The Larry Archibald success story is heartwarming.
Born in Truro in 1946, Archibald would be the first to tell you he had to overcome his share of adversity during his youth.
Inducted into the Colchester County Sport Hall of Fame last Friday, the former basketball MVP at both Dalhousie University and the University of Western Ontario, shared some thoughts on how sports impacted his life.
"I had no expectations for anything like this when I started out. Athletics and extensions through playing sports have meant so much. Physical activity was my outlet, competing through athletics had a positive effect on my life," he said.
"I didn't know what to expect at the Colchester County sport induction night but I thought it was marvelous. I was blown away with the ceremony. I was tickled pink."
Archibald complimented the other athletes and the team inducted on the evening before explaining how he got involved in competitive sports.
"I have great memories of playing three-hour pickup games at St. Andrew's church gymnasium in Truro on Friday nights. During Grade 8, I played for Truro junior high and coach Lloyd Sutherland," he said.
"The next year, while still a junior high student, I began playing for Blenis Nicholson and Truro senior high. I was fortunate in getting to play four years of high school basketball."
Smiling, Archibald named several Truro teammates including his longtime friend Bob Piers, Gary Nelson, David Allan and Dick Jones.
A remarkable athlete during his youth, Archibald was a champion diver in provincial swimming, an outstanding sprinter in track and was excellent at volleyball, while also competing provincially in tennis.
Sought after by several universities during the 1960s, he was recruited by Dalhousie University. His former coach with the Dalhousie Tigers, Al Jarr (a Nova Scotia Sport Hall of Fame inductee himself and winner of 13 national basketball championships) was the presenter during Archibald's induction.
"Larry, almost single-handedly turned Dal into a basketball contender," Jarr told an attentive audience.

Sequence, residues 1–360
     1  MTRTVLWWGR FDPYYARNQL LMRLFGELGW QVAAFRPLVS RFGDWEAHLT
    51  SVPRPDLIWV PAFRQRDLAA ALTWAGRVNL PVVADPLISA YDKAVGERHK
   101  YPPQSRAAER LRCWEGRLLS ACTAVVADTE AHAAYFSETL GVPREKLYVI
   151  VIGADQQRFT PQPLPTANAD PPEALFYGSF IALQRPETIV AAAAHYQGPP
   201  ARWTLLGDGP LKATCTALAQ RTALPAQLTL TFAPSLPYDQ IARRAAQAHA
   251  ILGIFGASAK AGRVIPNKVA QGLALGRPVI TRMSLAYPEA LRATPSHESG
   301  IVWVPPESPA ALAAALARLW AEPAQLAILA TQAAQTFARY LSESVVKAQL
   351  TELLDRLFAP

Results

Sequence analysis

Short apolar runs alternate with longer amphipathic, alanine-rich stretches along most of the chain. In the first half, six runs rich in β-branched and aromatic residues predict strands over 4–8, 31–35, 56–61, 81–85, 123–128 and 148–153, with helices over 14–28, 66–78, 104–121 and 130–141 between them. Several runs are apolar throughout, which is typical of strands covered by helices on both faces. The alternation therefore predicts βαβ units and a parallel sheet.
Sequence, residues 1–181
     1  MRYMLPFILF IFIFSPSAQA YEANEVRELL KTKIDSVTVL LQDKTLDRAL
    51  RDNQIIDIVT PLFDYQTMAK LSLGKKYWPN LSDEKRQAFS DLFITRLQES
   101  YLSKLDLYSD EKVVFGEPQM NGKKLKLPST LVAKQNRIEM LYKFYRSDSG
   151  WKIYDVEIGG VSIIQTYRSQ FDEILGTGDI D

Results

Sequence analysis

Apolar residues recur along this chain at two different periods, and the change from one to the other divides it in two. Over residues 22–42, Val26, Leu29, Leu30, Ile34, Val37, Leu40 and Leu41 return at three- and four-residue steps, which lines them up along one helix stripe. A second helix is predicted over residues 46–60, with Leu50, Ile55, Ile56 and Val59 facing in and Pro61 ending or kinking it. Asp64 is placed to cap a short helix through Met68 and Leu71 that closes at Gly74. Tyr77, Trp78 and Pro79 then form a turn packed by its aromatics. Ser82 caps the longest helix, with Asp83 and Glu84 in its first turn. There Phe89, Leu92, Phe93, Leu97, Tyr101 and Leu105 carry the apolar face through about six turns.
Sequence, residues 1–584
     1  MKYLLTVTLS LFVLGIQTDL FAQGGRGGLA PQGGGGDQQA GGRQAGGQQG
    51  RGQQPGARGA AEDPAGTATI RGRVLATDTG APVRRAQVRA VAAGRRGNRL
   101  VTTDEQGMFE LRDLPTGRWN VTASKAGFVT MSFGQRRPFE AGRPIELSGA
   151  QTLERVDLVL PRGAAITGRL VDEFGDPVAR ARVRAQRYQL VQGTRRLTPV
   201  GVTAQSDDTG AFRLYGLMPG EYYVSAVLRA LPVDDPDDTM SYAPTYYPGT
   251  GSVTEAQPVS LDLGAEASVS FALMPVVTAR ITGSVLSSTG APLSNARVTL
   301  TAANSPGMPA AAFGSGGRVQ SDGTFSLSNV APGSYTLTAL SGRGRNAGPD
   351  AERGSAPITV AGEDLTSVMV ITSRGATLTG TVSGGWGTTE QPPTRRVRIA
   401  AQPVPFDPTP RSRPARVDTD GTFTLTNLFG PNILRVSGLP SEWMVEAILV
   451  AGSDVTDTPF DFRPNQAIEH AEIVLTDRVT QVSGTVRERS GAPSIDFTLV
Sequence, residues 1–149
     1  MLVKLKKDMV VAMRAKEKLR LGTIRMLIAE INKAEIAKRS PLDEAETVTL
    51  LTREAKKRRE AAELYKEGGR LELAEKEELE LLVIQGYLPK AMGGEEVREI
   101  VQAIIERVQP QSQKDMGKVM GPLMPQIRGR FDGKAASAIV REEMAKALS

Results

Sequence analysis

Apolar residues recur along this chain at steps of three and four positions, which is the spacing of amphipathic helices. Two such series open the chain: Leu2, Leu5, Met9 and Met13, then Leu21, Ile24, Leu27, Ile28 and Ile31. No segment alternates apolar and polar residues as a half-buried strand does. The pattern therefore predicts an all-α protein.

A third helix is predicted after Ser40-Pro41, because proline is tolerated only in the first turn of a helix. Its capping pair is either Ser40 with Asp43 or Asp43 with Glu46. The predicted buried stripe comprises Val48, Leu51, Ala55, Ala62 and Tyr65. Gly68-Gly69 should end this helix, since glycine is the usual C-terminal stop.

"Larry was male athlete of the year in 1970 and also the basketball MVP. Larry is the most creative basketball player I ever coached and all in a five-foot, six-inch package."
Career-wise, Archibald spent two years as a biochemical technologist at St. Joseph's Hospital in London before accepting a teaching job in Bracebridge, Ont.
He taught physical education and science at Bracebridge for 21 years. A further 12 years followed in administration before his career took him to Muskoka and Ottawa. He retired as superintendent of schools for the city of Ottawa about two years ago. Larry and his wife Evelyn reside in Bracebridge. They have three children and two grandchildren.
Sports Scene commends Truro's native son, Larry Archibald, for running such a good race.
When presenter Bob Piers had completed his words on Chris (Matheson) Bernard during the recent hall of fame induction night, the audience quickly rose to its feet to give the Brookfield native a deserving standing ovation and a moving applause.
As Bernard's sports background, and her contributions to her home community, as well as the Truro area, were touched on beautifully by Piers, it was a real challenge to digest all that this phenomenal individual has accomplished.
Bernard played fastball, basketball and golf at the national level. It was during 1982 that she was named the female athlete of the year at CEC for her play in basketball, soccer, field hockey and badminton.
This was followed by playing four years of university basketball for the University of New Brunswick. Bernard was a member of three AUAA championship teams with the Varsity Red.
Canada Games success, national fastball honours and winning 18 Brookfield Golf Club ladies' championships in 20 years are only a small part of what this athlete did on the playing field.
For the past 23 years, Bernard has been a physical education teacher at CEC.
Besides teaching, she continues to coach and volunteer thus touching thousands of young people's lives.
When she was called to the microphone, following her induction, Bernard was humble.
She credited her parents Hugh and Judy Matheson and others. She thanked Piers and other staff members at CEC. Not once did she talk about herself or mention what she had accomplished. But this is exactly what you would expect from this classy and outstanding athlete, coach and teacher.
Congratulations also goes out to Steve Morrisey, John Mentis and the 1945-46 Truro Midget Bearcats on their deserving inductions. It was a memorable and touching occasion.
Everyone we talked to applauded the induction ceremony and the reception put on by the Truro Sport Heritage Society.
Lyle Carter is a Brookfield resident and former NHL hockey player
The Larry Archibald success story is heartwarming.
Organizations: Dalhousie University, Colchester County Sport Hall, University of Western Ontario CEC Dalhousie Tigers St. Joseph's Hospital in London University of New Brunswick Brookfield Golf Club Truro Sport Heritage Society NHLTop of page